But an exclusive focus on performance and product over the well-being of people can be corrosive in the long run. Stress runs high in these companies, which takes a toll on the physical and mental health of employees. Research from the Karolinska Institute shows that the stress producing-bosses running these companies can increase an employee’s risk of suffering a heart attack.
But it doesn’t stop there. Seppala and Cameron observe that disengagement abounds for these employees, which has the accompanying side effects of higher absenteeism, lower productivity, more safety incidents, and the list goes on.
So where does it go wrong? Like many aspects of culture, leaders have a big part to play. HBR contributor Dan Cable notes that a single-minded pursuit of outcomes can encourage leaders to treat employees as just a means to and end. “As I’ve discovered in my own research, this ramps up people’s fear – fear of not hitting targets, fear of losing bonuses, fear of failing–and as a consequence people stop feeling positive emotions and their drive to experiment and learn is stifled.”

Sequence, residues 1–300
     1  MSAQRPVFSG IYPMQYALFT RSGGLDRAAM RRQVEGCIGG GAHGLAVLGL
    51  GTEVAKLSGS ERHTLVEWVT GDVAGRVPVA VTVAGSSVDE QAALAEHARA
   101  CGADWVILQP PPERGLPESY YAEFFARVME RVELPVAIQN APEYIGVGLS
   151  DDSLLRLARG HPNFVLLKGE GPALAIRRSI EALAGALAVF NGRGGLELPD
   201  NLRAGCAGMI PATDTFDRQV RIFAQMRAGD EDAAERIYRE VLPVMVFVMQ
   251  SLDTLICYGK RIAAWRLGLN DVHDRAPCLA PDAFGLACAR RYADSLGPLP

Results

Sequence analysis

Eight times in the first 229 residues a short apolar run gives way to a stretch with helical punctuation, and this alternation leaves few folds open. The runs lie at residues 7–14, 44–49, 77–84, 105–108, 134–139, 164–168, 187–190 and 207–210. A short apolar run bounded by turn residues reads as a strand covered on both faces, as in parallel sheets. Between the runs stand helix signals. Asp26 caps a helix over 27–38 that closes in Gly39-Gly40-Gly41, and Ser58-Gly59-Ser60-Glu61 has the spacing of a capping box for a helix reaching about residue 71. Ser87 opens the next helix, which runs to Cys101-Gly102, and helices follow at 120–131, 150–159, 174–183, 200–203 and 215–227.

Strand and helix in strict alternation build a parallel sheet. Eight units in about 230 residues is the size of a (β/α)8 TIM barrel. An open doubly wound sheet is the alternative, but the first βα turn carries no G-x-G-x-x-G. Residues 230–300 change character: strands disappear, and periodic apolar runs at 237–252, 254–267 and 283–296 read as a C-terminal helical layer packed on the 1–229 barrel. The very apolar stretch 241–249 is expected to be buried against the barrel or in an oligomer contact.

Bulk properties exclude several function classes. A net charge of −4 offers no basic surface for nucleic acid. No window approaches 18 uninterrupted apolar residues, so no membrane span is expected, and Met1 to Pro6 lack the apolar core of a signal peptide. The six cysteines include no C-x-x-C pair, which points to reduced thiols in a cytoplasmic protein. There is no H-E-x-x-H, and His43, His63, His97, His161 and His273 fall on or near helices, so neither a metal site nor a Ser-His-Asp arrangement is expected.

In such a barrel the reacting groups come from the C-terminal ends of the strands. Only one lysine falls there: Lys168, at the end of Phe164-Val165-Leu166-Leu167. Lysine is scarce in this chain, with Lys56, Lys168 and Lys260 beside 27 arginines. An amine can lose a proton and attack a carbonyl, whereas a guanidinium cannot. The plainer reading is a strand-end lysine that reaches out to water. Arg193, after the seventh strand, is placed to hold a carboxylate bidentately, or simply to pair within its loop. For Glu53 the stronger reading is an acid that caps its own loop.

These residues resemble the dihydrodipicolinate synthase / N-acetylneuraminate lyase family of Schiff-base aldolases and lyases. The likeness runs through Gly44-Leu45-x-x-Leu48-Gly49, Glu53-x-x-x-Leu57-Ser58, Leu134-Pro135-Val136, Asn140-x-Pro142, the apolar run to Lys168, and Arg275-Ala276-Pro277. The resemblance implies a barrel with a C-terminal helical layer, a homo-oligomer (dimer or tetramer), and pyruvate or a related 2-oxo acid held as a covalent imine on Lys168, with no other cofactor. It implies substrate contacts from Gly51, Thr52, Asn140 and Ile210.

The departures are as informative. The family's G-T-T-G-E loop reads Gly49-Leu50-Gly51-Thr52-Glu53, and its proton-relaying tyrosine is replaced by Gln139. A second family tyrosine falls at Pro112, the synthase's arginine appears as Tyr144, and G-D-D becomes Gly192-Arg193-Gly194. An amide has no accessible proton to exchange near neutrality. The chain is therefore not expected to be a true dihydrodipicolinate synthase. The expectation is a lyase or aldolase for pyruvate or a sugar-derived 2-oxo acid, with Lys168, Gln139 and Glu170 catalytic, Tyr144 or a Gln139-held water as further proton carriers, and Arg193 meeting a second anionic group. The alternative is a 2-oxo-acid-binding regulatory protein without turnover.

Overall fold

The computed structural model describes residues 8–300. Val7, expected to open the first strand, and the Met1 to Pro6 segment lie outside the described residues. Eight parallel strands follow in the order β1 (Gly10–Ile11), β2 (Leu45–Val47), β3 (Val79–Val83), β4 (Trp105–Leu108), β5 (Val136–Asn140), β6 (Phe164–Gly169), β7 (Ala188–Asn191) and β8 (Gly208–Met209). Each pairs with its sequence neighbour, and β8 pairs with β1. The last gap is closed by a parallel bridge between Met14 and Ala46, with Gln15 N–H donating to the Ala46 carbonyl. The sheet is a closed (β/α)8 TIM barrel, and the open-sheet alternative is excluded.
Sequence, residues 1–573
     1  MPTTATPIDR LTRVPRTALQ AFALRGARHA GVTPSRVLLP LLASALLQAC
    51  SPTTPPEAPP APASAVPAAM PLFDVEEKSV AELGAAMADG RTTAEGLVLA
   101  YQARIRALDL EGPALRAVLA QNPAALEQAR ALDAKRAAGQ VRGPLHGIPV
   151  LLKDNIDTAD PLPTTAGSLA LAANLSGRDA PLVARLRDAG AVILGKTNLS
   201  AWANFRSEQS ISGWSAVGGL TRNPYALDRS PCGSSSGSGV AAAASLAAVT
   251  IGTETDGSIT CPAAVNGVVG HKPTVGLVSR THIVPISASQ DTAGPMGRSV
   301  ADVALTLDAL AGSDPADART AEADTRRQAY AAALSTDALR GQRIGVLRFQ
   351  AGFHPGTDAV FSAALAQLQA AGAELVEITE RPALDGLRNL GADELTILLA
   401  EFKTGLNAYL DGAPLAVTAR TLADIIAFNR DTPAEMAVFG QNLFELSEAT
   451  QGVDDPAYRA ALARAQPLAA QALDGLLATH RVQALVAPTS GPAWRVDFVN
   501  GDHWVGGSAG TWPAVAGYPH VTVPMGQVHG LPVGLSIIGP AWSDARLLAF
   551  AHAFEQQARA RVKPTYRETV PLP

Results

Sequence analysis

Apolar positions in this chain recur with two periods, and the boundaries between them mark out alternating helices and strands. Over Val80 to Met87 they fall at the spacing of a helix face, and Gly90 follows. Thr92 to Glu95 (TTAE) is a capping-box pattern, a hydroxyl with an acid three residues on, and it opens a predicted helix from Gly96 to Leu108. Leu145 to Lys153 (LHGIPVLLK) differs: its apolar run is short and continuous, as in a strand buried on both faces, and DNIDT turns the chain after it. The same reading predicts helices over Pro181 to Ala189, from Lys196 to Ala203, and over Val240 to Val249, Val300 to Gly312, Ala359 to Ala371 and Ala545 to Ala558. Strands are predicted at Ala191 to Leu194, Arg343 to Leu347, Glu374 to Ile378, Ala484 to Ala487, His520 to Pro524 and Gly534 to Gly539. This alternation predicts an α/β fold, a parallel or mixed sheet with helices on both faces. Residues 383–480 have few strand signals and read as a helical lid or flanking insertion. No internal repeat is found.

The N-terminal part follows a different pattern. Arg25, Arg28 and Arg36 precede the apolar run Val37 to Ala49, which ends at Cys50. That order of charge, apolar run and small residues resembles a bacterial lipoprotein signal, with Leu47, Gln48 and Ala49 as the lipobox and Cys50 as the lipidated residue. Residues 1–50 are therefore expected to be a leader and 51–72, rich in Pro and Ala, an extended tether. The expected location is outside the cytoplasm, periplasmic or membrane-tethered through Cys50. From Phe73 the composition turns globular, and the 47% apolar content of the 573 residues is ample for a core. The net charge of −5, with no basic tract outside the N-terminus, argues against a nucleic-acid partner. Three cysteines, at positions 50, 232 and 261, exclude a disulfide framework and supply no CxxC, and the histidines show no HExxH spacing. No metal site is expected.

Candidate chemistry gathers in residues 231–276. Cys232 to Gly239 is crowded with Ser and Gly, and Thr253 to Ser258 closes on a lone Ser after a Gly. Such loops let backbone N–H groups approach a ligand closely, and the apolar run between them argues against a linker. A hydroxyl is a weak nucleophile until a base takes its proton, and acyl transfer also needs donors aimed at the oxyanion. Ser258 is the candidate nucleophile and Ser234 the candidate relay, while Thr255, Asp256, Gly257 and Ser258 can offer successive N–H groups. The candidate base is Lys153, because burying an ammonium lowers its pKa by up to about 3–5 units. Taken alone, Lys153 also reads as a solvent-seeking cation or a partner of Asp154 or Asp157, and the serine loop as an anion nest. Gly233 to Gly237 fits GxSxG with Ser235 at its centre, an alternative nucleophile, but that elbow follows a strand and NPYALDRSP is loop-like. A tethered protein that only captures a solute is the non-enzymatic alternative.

Of course, it certainly doesn’t have to be this way. Leaders should strive to find the sweet spot between a narrow focus on driving results and taking every opportunity to have fun at work.
One study by James Zenger examined the different characteristics employees believed made leaders great. Employees thought leaders who prioritized results first were great 14% of the time. They thought leaders who put people first were great 12% of the time. But leaders who balance their results and people focus–and view them as equally important–were considered great 72% of the time.